WASHINGTON, D.C. — Chairman of the Federal Lands Action Group, Rep. Chris Stewart, and Chairman of the House Committee on Natural Resources, Rep. Rob Bishop, Tuesday hosted a forum at 1300 Longworth House Office Building in the District of Columbia, the first in a series of forums aimed at exploring historical precedents and best practices with regard to public land management and ownership.
“It’s curious that for so long it has been clear to us in the West that the federal government does a lousy job managing public lands, and yet this misperception persists that the feds are the best ones to continue owning and managing the federal estate,” Stewart said in his opening remarks. “Our purpose is to first clear up that myth and then discuss some of the innovative ways we can move decision-making authority and improve management.”
The forum included witnesses from the academic, legal and natural resource sectors, who presented testimony and answered questions from members of Congress in the action group.
Members and witnesses also discussed the merits of a variety of options, including charter forests, public land trusts, state or local government contracted management and shifting actual land ownership to states, among other ideas.
During questioning, Bishop said, “It’s not because the federal managers are malevolent or incompetent, they just have too damn much land to manage. It’s too big to succeed. It’s not too large to fail, it’s too large to succeed.”
- Robert Nelson | professor at University of Maryland
- “In recent years, it has often been state governments, not the federal government, that have taken the key leadership roles in American government efforts to deal with pressing domestic policy problems and issues,” Nelson said. “With a greater state role, there would likely be differences in land management approaches from one state to another, appropriately reflecting their diverse state circumstances, as compared with the current one-size-fits-all federal system.” See full testimony here
- Elwood Miller | professor emeritus at University of Nevada
- “Land and resource management from the bench has had a debilitating effect on the morale of agency personnel and instituted a culture that favors modification of needed treatment to avoid legal challenge,” Miller said. See full testimony here
- Glade Hall | counsel at Huthison and Steffen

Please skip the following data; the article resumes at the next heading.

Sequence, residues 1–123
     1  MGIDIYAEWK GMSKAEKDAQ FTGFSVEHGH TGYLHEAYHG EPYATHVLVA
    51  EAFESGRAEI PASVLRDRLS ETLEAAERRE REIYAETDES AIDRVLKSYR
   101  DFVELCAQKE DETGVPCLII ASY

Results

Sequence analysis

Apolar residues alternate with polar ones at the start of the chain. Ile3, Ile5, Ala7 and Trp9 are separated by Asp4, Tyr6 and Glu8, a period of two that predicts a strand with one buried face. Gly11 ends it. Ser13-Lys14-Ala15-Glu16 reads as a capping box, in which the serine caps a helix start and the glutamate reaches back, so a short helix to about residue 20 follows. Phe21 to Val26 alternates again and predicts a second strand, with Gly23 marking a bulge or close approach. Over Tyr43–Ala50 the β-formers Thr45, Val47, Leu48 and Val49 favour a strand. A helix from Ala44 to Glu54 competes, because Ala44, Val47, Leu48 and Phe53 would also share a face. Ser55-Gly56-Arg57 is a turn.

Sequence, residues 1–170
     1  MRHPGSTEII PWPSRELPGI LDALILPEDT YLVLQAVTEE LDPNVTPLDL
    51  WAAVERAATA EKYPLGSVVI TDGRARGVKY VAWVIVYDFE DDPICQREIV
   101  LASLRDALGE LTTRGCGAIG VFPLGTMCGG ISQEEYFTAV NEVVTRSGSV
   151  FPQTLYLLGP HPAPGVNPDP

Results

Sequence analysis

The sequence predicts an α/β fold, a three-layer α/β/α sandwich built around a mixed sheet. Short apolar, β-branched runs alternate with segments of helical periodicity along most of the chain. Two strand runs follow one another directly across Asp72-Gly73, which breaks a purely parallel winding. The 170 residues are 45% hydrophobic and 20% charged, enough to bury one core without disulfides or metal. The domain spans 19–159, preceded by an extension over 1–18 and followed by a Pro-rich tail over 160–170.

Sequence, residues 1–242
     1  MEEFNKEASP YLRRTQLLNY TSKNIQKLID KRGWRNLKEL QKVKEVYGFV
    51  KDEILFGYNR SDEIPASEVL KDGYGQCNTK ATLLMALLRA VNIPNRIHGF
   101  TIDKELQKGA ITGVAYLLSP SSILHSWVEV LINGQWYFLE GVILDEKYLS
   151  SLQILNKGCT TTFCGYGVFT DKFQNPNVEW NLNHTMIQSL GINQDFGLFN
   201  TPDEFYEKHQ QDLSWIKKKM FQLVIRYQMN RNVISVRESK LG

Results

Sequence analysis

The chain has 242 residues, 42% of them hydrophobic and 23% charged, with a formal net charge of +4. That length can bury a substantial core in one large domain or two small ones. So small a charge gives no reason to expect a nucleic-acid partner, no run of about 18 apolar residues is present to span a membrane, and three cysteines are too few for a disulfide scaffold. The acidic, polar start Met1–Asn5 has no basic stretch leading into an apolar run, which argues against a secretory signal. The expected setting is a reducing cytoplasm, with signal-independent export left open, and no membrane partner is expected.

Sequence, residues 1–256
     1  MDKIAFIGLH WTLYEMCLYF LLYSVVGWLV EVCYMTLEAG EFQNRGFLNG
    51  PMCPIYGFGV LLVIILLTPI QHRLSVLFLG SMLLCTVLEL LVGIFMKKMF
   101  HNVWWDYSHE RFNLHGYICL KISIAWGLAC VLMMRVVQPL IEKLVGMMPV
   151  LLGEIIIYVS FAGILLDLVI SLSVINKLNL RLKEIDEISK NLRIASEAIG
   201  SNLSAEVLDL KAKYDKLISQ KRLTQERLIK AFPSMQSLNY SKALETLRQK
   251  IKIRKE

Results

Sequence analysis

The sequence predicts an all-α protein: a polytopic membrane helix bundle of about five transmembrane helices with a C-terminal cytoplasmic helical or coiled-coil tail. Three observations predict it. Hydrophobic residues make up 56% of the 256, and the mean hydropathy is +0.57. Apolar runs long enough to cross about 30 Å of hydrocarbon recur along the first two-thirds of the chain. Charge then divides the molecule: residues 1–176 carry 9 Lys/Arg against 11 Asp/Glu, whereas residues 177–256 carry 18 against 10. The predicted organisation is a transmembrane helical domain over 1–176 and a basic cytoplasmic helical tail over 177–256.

- “It is a patent absurdity to assert that such full powers of governance cover 87 percent of the land surface of a state of the Union and at the same time assert that such state has been admitted to the Union on an equal footing with the original states in every respect whatever,” Hall said. See full testimony here
- Greg Walcher | president of the Natural Resources Group
- “The federal government simply does not trust state and local governments not to destroy public resources, as if people have a self-interest in destroying their own backyards,” Walcher said. “The federal and state governments both represent the public, and they both have legal ability to preserve the environment. Both have legal protections for endangered species, clean air and water and other environmental values. Both have strong enforcement abilities, and both care deeply about protecting such special places. Yet the federal government consistently refuses to acknowledge and value of state and local cooperative efforts.” See full testimony here
Public lands in Utah
Around 65 percent of Utah’s lands – 31 million acres worth – is managed by the federal government. In 2012, Gov. Gary Herbert signed the “Transfer of Public Lands Act” that called on the federal government to transfer all public lands management within the state – minus national parks and monuments with the exception of the Grand Staircase-Escalante National Monument.
A deadline of Dec. 31, 2014 was set for lands management to be given to Utah that came and went. The state has currently set aside $2 million for a possible legal battle over the matter.
Proponents of transferring management of the public lands argue the states can manage the lands better than the federal bureaucracies based out of Washington, D.C., and that the state could greatly benefit from local control. Parties opposed to state-control of public lands see it differently.
The Southern Utah Wilderness Alliance and others have long argued the state doesn’t have the proper resources to manage its public lands. They have also said the state has no rightful claim to the land, and that Utah’s attempt at a so-called “land grab” is unconstitutional.
St. George News Senior Reporter Mori Kessler contributed to this report.
- Stewart, Bishop launch group aiming to get state control of public lands
- Herbert delivers State of the States, meets with Obama; proposes ‘Healthy Utah,’ public lands management
- Deadline for public lands transfer passes, state considers litigation
- Economic study: Utah could benefit from managing public lands